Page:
Wednesday, September 29, 2010

Then Mr. Li Asked His Translator "Who Is This Cowen Guy, Anyway?"

I wrote recently about Brian Cowen's meeting with Li Changchun, the 5th ranking member of the Standing Committee of the Chinese Politburo. Sadly, we probably won't be getting obligatory "Lakes of Ponchatrain" mobile ringtones; however, according to His Biffoness, we will be able to avail of major opportunities to increase trade and investment between Ireland and China.

Apparently, Ireland's reputation is "very strong" in what the Press Association insists on terming the "communist state" (remind me again, was it in Ireland or China where the government recently heavily manipulated the financial sector for the "national interest"?). If Ireland is so well known in China, then this represents a major turn around from a short few years ago. I seem to remember numerous people in both Beijing and Guangzhou asking me "Ireland - isn't that in England?".

However, let's give the Government the benefit of the doubt, and assume that "Ireland Inc." truly is impanted firmly in the mind of the Chinese consumer. What do we plan to sell to them?
"(Cowen) told visiting officials that Ireland's relationship with China is at the heart of the country's new strategy for trade, tourism and investment.
And he used the meeting to raise the issue of the export of beef to China."
I'm torn on the latter point - we are, after all, still a nation famed for our agriculture, and it is no accident that some of the largest Irish multinationals are in the food sector. However, it is worrying that Cowen seems to think Sino-Irish trade should hinge on beef - by which I fear he means the raw primary product, as opposed to any processed goods. From the little I know of agricultural economics, it seems that when a rich country buys raw materials/food stuffs off a poor country, in the long run the poor country loses, becoming increasingly dependent on the whims of the rich nation's consumers and the political demands of the rich nation's own food producers (witness realtionship between farmers in developing nations and the EU, for example). The simple fact is that China is the rich country and Ireland is the poor country. And not simply in gross terms - there is 875,000 multimillionaires in China. In effect, the PRC represents a First World nation with a population of around 300 million (albeit they are living cheek-by-jowl with a developing nation of a billion). Beijing holds a lot of the economic cards in its relationship with us (and, to be fair, with everyone else) so we are going to have to box clever.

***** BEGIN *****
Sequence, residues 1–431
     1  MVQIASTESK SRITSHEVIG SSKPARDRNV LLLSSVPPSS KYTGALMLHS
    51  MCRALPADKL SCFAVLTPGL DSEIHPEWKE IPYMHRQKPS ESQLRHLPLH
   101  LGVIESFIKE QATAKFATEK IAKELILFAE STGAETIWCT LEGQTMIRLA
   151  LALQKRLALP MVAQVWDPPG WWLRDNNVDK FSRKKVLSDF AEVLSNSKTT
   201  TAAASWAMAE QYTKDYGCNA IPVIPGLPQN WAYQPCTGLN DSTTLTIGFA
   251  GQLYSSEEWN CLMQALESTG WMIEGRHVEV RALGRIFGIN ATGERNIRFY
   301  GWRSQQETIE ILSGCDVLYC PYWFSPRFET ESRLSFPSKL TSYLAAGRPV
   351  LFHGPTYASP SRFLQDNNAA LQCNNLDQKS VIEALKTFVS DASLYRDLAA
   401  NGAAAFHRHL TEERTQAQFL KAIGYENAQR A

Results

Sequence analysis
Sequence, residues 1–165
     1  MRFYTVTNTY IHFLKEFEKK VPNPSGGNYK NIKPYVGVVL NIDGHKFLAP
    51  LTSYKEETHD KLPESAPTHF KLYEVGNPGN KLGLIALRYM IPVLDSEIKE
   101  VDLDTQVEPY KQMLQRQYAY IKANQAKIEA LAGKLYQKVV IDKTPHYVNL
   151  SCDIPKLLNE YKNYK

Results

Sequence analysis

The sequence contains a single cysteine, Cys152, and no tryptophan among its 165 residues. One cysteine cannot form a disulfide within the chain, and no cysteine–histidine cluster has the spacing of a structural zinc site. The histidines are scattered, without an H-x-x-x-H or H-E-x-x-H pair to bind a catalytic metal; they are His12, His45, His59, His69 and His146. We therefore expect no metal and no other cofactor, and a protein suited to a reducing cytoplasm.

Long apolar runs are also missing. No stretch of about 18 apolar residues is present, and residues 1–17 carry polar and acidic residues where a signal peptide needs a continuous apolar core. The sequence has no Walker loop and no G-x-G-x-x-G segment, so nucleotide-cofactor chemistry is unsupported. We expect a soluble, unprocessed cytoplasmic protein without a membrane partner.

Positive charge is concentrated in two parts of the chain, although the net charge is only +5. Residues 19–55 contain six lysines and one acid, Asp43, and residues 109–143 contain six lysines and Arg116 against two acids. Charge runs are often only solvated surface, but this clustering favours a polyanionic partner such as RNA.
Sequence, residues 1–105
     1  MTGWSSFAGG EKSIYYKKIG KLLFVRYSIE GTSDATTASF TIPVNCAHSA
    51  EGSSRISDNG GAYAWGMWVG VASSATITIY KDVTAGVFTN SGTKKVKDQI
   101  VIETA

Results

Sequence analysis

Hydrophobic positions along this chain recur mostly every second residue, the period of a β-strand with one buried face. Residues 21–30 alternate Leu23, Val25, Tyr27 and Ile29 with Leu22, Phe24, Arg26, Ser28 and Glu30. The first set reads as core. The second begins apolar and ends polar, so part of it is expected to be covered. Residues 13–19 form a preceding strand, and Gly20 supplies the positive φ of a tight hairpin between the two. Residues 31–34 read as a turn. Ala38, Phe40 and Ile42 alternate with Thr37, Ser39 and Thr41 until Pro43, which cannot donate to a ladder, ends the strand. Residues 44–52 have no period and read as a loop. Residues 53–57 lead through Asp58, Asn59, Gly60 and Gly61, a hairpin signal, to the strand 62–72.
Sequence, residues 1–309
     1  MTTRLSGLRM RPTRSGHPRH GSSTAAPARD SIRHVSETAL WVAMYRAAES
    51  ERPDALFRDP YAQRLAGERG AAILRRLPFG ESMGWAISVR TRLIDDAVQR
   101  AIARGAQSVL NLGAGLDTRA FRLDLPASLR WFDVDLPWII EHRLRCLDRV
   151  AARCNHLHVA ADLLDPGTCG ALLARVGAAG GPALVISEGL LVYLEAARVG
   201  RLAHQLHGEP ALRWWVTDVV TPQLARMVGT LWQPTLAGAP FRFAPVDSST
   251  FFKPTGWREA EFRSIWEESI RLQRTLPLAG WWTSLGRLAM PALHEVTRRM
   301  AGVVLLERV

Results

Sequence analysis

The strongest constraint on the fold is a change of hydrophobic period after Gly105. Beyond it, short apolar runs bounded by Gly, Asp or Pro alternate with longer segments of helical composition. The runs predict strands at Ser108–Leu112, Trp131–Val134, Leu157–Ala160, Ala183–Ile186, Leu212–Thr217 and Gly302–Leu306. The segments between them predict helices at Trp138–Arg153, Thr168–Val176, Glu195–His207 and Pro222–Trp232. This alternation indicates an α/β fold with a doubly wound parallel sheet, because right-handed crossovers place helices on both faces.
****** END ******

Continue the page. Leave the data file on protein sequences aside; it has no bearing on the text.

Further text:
As for China being at the "heart of (our) new strategy for trade, tourism and investment"; would anyone in Government mind articulating what, exactly, that strategy is? And how we are going to carry it out when Enterprise Ireland has only got offices in Beijing, Shanghai and Guangzhou, and the IDA have only got an office in Beijing?

And Brian, for God's sake, the Chinese are sitting on US$3 trillion in foreign currency reserves - ever think of asking Mr. Li are there any Chinese companies that would like to use Ireland as their EU hub? As I've written before, Ireland needs to be positioning itself as China's gateway to Europe, helping Beijing navigate through the complex regulatory and economic environment within the EU, and carving out a niche as China's friend within the Community.

But, no Brian - you just ask them if they want any Mullingar heifers.

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